Fast forward to 2009, Verdillo and her daughter Solstice, then a toddler, moved to Arcata. She put chocolate making aside and says she worked as many as three jobs just to get by, including cleaning homes. Then in 2010, she met Funk and the two eventually teamed up personally and professionally, and nurtured Verdillo’s dream of building a chocolate business.

In 2011, Verdillo started the makings of their handcrafted chocolate bar business. While Funk was bringing in income from teaching online classes, she began the process of putting things in place, like licensing and securing a commercial kitchen. As she had done in Mexico, she made the chocolates, packaged them and loaded them up in her basket to hit the streets, selling the bars at farmers markets and festivals in Humboldt County.

“She scraped, scrimped, saved, ate beans and rice, and saved up to build the business,” Funk says. “From the get-go, it was 100 percent from her sweat equity.”

Running the company has been no small feat especially since the couple is raising three daughters, Solstice, 14, Ominira, 5, and Mbeya, 2.

Since its start, pre-pandemic, the business mainly relied on face-to-face sales at events like the Eureka Friday Night Market and was distributed at just a few stores locally until 2020. With the pandemic, Cacao Cocoon refocused efforts to its website, social media and online promotions. As a result, Funk estimates sales have been up about 35 percent. The company's products are also now available in more local stores. So now, business is more than steady and they’re looking to an exciting future.

Building Bridges with Palenque


In February, Verdillo and daughter Solstice went to Chiapas to visit Solstice’s father’s extended family. While there, Verdillo witnessed firsthand how much of Mexico’s economy was suffering with tourism coming to a halt. Cacao Cocoon is now selling handmade jewelry by Solstice’s grandmother, Leticia May, with 100 percent of the profits going to May. Her necklaces, earrings and bracelets are made of amber, seeds, red coral and other natural gems from the area. When Verdillo returns later this year from Palenque, she’ll have more jewelry and clothes to sell.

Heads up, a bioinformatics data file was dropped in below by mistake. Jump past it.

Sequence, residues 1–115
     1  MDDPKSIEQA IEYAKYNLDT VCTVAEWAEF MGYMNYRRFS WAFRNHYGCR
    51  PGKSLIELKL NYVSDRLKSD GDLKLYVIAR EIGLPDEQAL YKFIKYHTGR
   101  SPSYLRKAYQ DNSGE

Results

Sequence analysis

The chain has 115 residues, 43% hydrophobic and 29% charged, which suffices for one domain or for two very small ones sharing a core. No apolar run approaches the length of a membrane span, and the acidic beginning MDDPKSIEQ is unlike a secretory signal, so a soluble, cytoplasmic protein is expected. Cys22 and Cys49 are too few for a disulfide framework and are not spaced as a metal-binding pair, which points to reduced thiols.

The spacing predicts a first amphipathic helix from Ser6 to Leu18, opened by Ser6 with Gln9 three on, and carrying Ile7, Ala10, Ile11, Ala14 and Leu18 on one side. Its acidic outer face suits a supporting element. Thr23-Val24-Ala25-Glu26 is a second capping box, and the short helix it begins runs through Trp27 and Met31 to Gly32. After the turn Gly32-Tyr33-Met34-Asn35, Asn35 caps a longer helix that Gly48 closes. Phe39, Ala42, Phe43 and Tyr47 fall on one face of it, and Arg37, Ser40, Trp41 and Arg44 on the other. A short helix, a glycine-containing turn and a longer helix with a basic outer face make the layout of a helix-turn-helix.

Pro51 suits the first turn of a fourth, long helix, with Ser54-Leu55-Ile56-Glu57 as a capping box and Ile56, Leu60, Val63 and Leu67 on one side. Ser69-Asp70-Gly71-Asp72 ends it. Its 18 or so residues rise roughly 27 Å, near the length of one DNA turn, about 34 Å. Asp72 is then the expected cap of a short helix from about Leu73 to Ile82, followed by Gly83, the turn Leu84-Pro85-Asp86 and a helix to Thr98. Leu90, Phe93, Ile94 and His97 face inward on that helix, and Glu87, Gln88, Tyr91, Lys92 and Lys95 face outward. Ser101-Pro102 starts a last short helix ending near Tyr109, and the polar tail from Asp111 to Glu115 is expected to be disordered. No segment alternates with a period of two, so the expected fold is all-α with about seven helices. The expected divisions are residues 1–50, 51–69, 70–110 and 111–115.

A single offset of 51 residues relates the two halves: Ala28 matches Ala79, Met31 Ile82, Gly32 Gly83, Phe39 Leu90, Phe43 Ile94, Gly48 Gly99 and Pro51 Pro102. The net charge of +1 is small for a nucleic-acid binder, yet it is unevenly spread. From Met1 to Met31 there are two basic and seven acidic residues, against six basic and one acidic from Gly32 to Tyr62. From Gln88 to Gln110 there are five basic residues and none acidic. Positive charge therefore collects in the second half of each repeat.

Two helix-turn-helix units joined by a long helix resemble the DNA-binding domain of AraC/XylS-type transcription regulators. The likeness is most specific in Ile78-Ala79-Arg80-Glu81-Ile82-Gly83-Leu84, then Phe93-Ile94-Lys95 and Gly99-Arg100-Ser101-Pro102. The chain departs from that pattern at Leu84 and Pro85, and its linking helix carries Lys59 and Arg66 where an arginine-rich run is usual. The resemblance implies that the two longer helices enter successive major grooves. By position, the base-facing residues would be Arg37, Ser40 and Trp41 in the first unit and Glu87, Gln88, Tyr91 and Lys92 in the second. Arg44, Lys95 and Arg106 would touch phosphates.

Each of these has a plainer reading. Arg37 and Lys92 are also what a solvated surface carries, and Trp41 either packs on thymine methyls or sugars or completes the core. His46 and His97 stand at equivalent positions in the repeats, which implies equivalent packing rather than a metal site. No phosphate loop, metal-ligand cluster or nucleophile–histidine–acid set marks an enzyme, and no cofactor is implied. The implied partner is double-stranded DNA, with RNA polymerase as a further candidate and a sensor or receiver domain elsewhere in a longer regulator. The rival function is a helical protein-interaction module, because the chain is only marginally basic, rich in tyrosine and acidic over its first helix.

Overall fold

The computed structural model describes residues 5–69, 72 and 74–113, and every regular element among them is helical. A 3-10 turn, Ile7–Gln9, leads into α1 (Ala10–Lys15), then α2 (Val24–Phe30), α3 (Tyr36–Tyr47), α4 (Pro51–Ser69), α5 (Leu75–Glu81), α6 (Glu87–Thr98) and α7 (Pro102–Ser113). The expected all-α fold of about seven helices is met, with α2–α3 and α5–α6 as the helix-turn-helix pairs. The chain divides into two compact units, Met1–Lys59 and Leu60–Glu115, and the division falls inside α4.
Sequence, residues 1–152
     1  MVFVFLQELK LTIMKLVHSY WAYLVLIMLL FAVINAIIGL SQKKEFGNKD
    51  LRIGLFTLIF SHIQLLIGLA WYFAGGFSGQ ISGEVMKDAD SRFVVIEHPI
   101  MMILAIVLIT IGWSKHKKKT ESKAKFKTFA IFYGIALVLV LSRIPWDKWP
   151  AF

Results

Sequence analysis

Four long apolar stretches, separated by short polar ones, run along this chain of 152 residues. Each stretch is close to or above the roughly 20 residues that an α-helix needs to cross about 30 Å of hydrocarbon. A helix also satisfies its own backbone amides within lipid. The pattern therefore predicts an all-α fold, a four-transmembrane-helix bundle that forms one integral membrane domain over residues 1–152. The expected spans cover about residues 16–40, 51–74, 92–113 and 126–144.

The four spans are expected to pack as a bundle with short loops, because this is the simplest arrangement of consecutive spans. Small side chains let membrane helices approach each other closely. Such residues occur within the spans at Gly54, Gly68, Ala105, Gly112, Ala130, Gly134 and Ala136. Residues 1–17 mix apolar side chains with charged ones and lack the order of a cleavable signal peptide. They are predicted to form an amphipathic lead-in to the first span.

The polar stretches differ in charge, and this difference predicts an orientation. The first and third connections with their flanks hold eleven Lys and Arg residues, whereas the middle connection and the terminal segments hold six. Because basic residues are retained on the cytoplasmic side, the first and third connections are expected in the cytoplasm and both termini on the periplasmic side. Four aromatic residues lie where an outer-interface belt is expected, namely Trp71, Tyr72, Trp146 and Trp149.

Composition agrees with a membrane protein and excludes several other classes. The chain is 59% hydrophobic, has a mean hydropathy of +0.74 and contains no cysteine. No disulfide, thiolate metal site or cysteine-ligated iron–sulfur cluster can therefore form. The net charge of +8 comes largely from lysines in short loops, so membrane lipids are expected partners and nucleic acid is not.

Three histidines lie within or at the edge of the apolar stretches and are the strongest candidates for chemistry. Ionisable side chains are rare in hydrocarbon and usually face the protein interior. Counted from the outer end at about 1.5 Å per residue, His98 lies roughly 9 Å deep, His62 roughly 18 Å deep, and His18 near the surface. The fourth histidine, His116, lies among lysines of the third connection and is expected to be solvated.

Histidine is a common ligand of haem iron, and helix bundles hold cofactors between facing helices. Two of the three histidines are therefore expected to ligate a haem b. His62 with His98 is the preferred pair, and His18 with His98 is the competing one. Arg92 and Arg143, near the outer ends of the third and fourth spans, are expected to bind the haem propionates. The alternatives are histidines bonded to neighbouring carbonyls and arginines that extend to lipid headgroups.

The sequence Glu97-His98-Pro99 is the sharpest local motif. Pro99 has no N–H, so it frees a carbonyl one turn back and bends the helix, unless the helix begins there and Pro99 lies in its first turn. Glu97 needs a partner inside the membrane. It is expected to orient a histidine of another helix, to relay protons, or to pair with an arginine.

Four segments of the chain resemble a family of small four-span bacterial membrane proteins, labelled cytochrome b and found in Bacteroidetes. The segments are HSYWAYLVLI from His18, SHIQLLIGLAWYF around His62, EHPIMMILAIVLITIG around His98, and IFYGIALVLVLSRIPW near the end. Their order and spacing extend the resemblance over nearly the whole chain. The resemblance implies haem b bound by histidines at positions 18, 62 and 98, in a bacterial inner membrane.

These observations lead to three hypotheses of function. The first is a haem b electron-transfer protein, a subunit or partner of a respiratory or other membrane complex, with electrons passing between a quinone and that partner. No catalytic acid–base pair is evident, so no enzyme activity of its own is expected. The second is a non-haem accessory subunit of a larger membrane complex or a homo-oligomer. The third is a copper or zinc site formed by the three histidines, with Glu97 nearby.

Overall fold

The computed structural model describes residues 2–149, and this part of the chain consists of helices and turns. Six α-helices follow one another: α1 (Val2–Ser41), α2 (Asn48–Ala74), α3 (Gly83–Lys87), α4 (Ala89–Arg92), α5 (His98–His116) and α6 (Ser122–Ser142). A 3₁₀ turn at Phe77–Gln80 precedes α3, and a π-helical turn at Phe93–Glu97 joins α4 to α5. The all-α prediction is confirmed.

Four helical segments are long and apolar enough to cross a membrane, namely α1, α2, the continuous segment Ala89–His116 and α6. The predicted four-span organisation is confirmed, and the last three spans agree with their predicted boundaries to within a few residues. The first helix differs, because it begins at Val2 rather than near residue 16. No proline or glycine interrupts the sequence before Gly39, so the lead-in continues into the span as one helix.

Building a deeper connection with Palenque is also part of the couple’s vision. This summer, Verdillo and Funk will also be looking at land in Palenque with the plan of building a farm where they can grow cacao, raise bees, preserve some land in the jungle, provide jobs and support the local economy.

click to enlarge Elissa Verdillo envisions using chocolate as a bridge to connect Humboldt County with Palenque, Mexico, where she hopes to buy a farm. - DAVE WOODY
  • Dave Woody
  • Elissa Verdillo envisions using chocolate as a bridge to connect Humboldt County with Palenque, Mexico, where she hopes to buy a farm.

They are already in the beginning stages of cultivating cacao in Palenque. “I’m envisioning connecting Humboldt with Palenque with this project,” Verdillo says. She hopes the Humboldt community will want to be a part of this. “We have a certain amount of money set aside for this land and we know that we have a great following here in Humboldt and a true dedication. We know people who believe in the natural world and preservation.”

As the Palenque project comes together, locals can continue to enjoy Cacao Cocoon’s honey-spun chocolate. The Clarity bar is the best seller, by the way, but the Unity bar, made with cashew milk, is a smoother and creamier dark chocolate version and Verdillo’s favorite.

When you taste Cacao Cocoon’s chocolate, they hope you’ll think about their story, their values and Verdillo’s sage words, that chocolate is more than dessert. She says, “We want people to eat this chocolate bar and remember.”
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About The Author

Andrea Juarez

Andrea Juarez

Bio:
Andrea Juarez moved to Humboldt County in 2013 from Colorado. She writes about health, the outdoors, business, food and culture. When she is not at her keyboard, you’ll find her exploring her new environs. She is enamored with the area’s stunning coastal trails, the smell of eucalyptus trees after a rain, and... more